So when you notice the drop-off in the mutual enthusiasm level to below say 50 percent, start to convey your intent for things to end by issuing a somewhat final-sounding statement on the topic at hand, followed by “anyway.” For example: “Yes, I mean, I guess I’m just glad that someone is willing to agitate on my behalf even though I’m not the camping type. Anyway,” and here, you will adopt an expression that conveys many things — sadness that this conversation is coming to an end, gladness that you have met this person, resignation to the finality of what you are about to say — “It has been just wonderful chatting with you.” 

You don’t really need to announce your new destination because chances are it will sound awkward anyway. And then let them acknowledge that they have enjoyed chatting with you, and then say goodbye brightly. 

New Invention: Frexting

Feb. 20th, 2015 11:50 am
[syndicated profile] adulting_feed


Essentially, instead of sexting that random person (who might not appreciate it OR might share it with the world) send them to a close friend, who will tell you you look hot. Only send PG or PG-13 rated pics, obviously. 

Frexting etiquette includes replying with positive emojis, including but not limited to the little fire, a cat with hearts for eyes and clapping.

This is a surprisingly fun and empowering thing to do.


Friday Favs, 2/20/15

Feb. 20th, 2015 02:00 pm
[syndicated profile] cakewrecks_feed

Posted by Jen

Some of my favorite new submission this week:

Tara wanted rock n' roll:


...but what she got was wreck n' woe:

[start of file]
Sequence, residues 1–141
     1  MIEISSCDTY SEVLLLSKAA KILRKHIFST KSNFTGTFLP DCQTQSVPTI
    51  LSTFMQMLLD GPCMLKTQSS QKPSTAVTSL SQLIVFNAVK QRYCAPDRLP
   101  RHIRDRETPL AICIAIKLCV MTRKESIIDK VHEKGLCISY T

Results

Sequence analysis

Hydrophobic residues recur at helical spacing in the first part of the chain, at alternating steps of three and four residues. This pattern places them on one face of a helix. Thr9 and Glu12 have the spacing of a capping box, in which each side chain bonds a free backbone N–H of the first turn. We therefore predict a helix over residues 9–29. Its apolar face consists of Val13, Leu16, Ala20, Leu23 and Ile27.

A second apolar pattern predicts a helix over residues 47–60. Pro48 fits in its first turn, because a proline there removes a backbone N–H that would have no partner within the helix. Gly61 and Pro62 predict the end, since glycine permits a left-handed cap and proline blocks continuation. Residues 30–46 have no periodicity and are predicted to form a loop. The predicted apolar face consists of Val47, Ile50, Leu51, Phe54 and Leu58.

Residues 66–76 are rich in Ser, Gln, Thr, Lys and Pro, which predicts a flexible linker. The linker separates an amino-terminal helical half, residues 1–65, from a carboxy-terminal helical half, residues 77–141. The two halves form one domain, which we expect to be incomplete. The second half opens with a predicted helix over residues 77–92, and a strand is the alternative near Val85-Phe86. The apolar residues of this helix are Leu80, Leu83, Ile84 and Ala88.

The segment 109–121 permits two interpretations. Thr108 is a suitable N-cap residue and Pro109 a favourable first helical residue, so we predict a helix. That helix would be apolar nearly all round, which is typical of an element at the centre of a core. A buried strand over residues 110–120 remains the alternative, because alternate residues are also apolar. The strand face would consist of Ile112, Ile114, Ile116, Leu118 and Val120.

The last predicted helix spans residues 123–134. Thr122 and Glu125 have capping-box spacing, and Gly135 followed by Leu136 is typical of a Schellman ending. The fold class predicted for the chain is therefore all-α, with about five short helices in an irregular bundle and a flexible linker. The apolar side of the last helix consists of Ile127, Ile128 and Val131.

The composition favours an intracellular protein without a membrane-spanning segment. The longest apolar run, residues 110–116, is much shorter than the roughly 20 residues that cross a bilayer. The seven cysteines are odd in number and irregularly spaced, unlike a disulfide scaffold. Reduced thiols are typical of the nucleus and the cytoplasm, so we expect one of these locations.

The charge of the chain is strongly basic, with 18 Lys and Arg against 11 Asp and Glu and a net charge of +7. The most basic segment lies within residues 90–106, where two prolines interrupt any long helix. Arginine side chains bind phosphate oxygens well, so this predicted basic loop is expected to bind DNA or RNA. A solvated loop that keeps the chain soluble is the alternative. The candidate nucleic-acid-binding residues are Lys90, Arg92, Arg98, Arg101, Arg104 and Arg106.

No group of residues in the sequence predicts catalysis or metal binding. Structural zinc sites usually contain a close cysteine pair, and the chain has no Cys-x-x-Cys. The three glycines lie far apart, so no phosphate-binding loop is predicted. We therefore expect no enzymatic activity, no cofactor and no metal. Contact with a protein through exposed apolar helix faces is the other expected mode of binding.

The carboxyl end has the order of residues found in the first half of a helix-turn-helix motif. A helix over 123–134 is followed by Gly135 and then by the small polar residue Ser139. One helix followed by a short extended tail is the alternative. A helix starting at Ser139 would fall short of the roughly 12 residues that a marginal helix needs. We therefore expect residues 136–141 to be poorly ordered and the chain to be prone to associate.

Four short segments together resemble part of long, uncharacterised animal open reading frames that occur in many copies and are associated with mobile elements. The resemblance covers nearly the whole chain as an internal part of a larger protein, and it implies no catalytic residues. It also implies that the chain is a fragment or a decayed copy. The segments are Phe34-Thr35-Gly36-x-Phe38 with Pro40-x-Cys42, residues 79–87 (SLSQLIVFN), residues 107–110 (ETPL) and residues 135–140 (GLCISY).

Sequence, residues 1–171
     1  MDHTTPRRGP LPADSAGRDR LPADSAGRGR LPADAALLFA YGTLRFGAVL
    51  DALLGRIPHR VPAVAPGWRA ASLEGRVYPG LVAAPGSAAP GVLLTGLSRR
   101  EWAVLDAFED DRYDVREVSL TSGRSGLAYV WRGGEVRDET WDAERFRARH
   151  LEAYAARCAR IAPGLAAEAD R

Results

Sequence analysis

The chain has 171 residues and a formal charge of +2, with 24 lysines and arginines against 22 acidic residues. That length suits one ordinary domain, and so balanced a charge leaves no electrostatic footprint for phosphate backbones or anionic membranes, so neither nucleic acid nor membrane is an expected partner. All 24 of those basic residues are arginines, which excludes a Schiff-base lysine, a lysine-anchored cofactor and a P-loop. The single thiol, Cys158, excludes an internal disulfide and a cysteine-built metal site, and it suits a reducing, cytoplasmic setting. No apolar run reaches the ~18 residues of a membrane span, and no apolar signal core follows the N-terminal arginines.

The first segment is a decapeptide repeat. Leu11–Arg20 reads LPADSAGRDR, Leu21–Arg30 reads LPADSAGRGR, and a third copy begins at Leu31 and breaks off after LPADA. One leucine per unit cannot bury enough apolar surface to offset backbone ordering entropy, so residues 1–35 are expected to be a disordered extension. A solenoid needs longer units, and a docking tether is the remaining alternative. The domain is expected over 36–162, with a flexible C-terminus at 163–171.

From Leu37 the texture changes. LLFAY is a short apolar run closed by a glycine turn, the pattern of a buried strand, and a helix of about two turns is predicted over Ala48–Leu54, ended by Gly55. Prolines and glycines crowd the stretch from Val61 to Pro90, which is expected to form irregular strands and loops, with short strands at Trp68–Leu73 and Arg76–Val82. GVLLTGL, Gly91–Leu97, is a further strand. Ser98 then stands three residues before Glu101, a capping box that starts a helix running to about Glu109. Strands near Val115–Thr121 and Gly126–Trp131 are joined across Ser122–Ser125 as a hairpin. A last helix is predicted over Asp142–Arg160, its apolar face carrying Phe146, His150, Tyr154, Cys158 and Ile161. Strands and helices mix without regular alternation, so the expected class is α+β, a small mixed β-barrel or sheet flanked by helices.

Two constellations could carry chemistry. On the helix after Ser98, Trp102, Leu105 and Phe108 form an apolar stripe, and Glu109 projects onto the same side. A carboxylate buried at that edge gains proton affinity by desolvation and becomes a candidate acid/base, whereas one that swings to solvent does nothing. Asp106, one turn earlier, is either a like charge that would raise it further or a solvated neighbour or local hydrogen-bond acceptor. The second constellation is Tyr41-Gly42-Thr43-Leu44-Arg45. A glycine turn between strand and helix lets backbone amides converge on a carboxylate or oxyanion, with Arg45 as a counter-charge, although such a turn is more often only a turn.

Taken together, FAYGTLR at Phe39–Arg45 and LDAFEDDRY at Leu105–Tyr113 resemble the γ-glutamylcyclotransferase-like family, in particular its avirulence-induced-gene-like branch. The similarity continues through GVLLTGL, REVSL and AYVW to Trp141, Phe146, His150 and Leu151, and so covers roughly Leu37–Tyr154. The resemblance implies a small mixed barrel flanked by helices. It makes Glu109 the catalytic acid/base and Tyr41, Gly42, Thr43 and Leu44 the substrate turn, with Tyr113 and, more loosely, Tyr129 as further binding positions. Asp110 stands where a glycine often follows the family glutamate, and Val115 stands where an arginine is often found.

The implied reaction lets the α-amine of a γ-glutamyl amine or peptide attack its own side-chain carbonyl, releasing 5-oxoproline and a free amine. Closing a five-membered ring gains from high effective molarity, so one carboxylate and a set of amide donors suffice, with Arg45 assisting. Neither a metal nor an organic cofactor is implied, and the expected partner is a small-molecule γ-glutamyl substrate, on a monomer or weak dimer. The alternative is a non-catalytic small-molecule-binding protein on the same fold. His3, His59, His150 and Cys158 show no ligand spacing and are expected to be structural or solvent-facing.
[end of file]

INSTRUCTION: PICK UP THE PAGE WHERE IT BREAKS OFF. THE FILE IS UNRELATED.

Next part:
Aww. Play us the song of your people, little wreck!

["Wa wa WA waaaaaaaah!"]

Ok, you can stop now.


This next one inspired me to write a little verse:


Hoping            and such

                               Jo you s



And speaking of proper spacing:

That's pretty memorable.

(Give it a second.)
(Theeere it is.)


You know how some bakers like to keep an eye on their cakes?

Well, that reminded me of this older wreck:

THIS CHANGES... well, nothing.

But I thought it was funny.


Q: What's worse than using giant plastic ribbon all over the cake?

A: Not using enough.

What we have here is a basic misunderstanding of how ribbon works.


And finally, since I just realized I haven't shared a fan-made wreck in ages, here's a fun homage from Kimberly:

The best part? I give it a month before this starts popping up in "cake fail" slideshows all across the web, since the FailBuzzLOL sites never bother to read the posts they're ripping off, and keep putting up intentional fan wrecks from our archives. :D


I bet Steven's is safe, though - and yep, he actually asked the baker to write this:

That's definitely a "darned if you do, darned if you don't" situation, bakers.


[evil grin]


Thanks to Tara M., Jenna R., Mark O., Terri C., Tabatha G., Julia E., Kimberly S., & Steven B. for finally finding a wreck no one else will steal. AWWW YEAAAAAH.


Thank you for using our Amazon links to shop! USA, UK, Canada.